Those were prophetic words for our local church - and small town, too - as we strive to make sense of God's calling during this strange era of transformation, fear and resistance. It would be easy to despair given the cruel incoherence of the current regime in Washington. But their
belligerence and brutality are not the whole story. They must not be denied or ignored, of course; neither should they become the core of our reality. "Just below the surface, blessings are about to blossom." In our region, Mass MOCA just opened their final exhibit hall making this stunning center of contemporary art the largest such museum in the USA. When it was proposed twenty years ago, the dream was ridiculed and opposed. Like many of my Berkshire neighbors, the working class city of North Adams wondered how an art museum would restore economic energy now that manufacturing had collapsed. Today Mass MOCA is the engine that drives creativity and job growth in the Northern Berkshires.
The same goes for the center of our country: after Tanglewood announced their multi-million dollar commitment to a new education and performance center - and the Eagle reported on both the Boston Symphony's investment in our region, and, the revenue it generates each year through tourism - there was more evidence of blessings beginning to bloom from just below the surface.
As I pondered these realities, I read a column written by Andrew Pincus of near-by Lenox (home of Tanglewood) who asked: where are today's JFK and Bernstein? Lamenting the nation's loss of creative vision, Pincus noted that we have gone "from eloquence to tweets. From a public that responds to calls for greatness to a public that feeds on violence and mindlessness in its entertainment." Quoting George Orwell, the author issues this somber picture of what is obvious:
In Orwell's "1984" the 'interrogated declares, 'there will be no loyalty, except toward the Party. There will be no love, except the love of Big Brother. There will be no laughter, except the laugh of triumph over a defeated enemy. There will be no art, no literature, no science. When we are omnipotent we shall have no more need of science. There will be no distinction between beauty and ugliness... there will only be the intoxication of power."
I sat with that for a few moments and then read Carrie Newcomer's note on FB from her "Speed of Soul" column:
The theologian Paul Tillich wrote that faith is not found so much in our conscious beliefs as in the regions of our "ultimate concerns." We are living in troubled times and I must negotiate a daily assault of news that presses mightily upon my ultimate concerns. Today I take in the news of Trump pulling the USA out of the Paris Accords. His isolationist policies threatening not just our children, grandchildren and innocent generations beyond us, but the health, wellbeing and survival of every child now and yet to be born, human and plant and animal. The old models of abundance are passing away, need to pass away, must pass away. And yet there are those who feel that somehow the coal jobs will return and that we might miraculously return to 1950 and 60's energy consumption without disastrous results.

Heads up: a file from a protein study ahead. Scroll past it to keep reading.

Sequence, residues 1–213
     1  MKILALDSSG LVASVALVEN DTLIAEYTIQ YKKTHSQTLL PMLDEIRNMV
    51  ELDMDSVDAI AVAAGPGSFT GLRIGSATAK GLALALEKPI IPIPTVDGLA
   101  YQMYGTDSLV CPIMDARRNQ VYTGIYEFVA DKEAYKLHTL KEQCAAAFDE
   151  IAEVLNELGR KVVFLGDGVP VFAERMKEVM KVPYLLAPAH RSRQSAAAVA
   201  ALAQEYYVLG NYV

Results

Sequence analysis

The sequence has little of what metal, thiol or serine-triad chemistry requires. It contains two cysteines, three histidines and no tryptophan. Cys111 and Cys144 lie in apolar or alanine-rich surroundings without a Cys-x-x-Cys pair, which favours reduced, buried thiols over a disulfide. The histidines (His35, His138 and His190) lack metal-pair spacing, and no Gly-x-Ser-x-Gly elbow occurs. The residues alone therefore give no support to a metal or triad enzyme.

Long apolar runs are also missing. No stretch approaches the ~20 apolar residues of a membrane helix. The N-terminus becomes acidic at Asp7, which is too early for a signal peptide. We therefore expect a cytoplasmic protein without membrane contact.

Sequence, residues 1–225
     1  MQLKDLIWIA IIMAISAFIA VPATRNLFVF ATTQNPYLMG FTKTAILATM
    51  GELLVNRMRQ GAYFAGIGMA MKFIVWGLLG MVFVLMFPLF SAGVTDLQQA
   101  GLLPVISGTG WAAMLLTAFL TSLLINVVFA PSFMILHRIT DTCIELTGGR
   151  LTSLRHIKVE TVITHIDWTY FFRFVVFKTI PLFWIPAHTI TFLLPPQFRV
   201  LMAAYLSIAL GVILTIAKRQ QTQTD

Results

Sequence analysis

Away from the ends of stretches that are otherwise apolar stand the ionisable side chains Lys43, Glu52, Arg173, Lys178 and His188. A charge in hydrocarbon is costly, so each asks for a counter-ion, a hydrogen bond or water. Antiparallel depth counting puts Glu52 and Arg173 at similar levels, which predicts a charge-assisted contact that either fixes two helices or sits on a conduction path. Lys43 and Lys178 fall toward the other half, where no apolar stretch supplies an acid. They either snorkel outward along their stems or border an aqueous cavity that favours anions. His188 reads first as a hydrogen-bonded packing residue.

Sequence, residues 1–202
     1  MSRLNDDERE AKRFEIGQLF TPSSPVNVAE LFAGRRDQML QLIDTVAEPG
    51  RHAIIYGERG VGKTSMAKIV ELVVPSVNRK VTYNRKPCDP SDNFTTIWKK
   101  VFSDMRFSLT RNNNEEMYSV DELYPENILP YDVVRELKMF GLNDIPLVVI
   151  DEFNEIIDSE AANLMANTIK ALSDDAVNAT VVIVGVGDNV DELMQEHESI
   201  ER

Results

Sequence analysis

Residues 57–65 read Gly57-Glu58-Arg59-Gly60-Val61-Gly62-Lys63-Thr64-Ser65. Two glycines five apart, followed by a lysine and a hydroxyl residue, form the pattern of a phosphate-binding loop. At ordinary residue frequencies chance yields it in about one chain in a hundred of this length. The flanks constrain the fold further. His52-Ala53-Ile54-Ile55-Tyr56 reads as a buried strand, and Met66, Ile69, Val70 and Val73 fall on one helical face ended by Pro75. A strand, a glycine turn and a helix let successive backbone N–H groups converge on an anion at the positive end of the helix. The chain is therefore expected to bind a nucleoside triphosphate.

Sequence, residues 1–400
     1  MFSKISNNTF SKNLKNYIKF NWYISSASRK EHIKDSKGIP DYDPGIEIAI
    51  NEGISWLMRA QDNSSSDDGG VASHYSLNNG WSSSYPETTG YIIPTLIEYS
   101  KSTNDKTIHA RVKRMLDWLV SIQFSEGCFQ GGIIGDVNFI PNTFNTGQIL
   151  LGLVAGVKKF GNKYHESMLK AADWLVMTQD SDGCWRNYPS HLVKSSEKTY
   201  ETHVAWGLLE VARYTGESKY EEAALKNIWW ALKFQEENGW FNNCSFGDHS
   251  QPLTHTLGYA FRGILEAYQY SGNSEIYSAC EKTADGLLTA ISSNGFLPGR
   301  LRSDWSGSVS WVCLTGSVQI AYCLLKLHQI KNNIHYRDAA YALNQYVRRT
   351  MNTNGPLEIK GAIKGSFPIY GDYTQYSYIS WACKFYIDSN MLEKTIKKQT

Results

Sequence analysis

It's scary to really take in the environmental moment we are
currently living. It can feel overwhelming. But today I will do my daily part. Yes, I'll send my message to legislators. But more than that, I'll open the conversation, write about what true abundance might look like, sing about a relationship to the natural world that is life giving and soul expanding. Affirm that care of the earth is a beautiful and true act of love and faith.
To restate the obvious, ours is an ugly time: ugly, hateful, increasingly stupid in every sense of the word, and impoverished by fear and greed. But the obvious is not the totality of reality. All around me, even within those most wounded by the violence and venom of this regime, is a beauty beginning to blossom in unimaginable ways. Nicholas Kristof, writing in the NY Times, told the story of our ultimate concerns being incarnated on a Portland train:
The three were as different as could be. One was a 23-year-old recent Reed College graduate who had a mane of long hair and was working as a consultant. Another was a 53-year-old Army veteran with the trimmest of haircuts and a record of service in Iraq and Afghanistan. The third was a 21-year-old poet and Portland State University student on his way to a job at a pizzeria. What united the three was decency.
When they intervened, the man harassing the girls pulled a knife and slashed the three men before fleeing. Rick Best, the veteran, died at the scene. Taliesin Namkai-Meche, the recent Reed graduate, was conscious as he waited for an ambulance. A good Samaritan took off her shirt to cover him; she recounted that some of his last words were: “I want everybody on the train to know, I love them.” He died soon after arriving at the hospital. (read the whole story here:
Brother Nicholas' column ends with this poem by one of the wounded, a student poet, Michael Fletcher:
“I, am alive.
I spat in the eye of hate and lived.
This is what we must do for one another
We must live for one another.”
And this is the vision we, too are called to honor and nourish: we must live for one another. St. Paul spoke of this as "the foolishness of the Cross." It is the truth at the center of creation: as we give ourselves away in love, new life is reborn over and again. It is the spirituality that shapes our seasons where spring always follows winter. It is the logic that guides the cosmos. "Just because you can't see immediately the evidence of social transformation, don't think life has become stagnant and hopeless. Just below the surface, blessings are about to blossom."